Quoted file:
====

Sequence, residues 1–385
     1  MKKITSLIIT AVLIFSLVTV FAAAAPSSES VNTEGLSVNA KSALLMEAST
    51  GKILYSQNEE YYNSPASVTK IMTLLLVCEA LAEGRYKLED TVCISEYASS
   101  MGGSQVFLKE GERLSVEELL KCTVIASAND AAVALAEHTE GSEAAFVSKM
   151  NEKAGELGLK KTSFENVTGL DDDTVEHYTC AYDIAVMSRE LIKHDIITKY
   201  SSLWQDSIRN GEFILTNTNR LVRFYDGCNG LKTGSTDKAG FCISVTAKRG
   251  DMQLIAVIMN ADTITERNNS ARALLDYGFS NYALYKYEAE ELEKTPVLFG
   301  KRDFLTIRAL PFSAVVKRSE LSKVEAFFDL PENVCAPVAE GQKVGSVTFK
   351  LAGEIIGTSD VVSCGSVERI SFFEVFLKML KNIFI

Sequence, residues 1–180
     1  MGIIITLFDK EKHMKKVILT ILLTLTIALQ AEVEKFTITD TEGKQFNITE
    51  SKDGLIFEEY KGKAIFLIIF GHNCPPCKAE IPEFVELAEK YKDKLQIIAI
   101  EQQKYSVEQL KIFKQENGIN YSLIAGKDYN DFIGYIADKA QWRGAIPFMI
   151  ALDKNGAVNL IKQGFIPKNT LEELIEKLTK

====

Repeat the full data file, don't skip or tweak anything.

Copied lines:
Sequence, residues 1–385
     1  MKKITSLIIT AVLIFSLVTV FAAAAPSSES VNTEGLSVNA KSALLMEAST
    51  GKILYSQNEE YYNSPASVTK IMTLLLVCEA LAEGRYKLED TVCISEYASS
   101  MGGSQVFLKE GERLSVEELL KCTVIASAND AAVALAEHTE GSEAAFVSKM
   151  NEKAGELGLK KTSFENVTGL DDDTVEHYTC AYDIAVMSRE LIKHDIITKY
   201  SSLWQDSIRN GEFILTNTNR LVRFYDGCNG LKTGSTDKAG FCISVTAKRG
   251  DMQLIAVIMN ADTITERNNS ARALLDYGFS NYALYKYEAE ELEKTPVLFG
   301  KRDFLTIRAL PFSAVVKRSE LSKVEAFFDL PENVCAPVAE GQKVGSVTFK
   351  LAGEIIGTSD VVSCGSVERI SFFEVFLKML KNIFI

Sequence, residues 1–180
     1  MGIIITLFDK EKHMKKVILT ILLTLTIALQ AEVEKFTITD TEGKQFNITE
    51  SKDGLIFEEY KGKAIFLIIF GHNCPPCKAE IPEFVELAEK YKDKLQIIAI
   101  EQQKYSVEQL KIFKQENGIN YSLIAGKDYN DFIGYIADKA QWRGAIPFMI
   151  ALDKNGAVNL IKQGFIPKNT LEELIEKLTK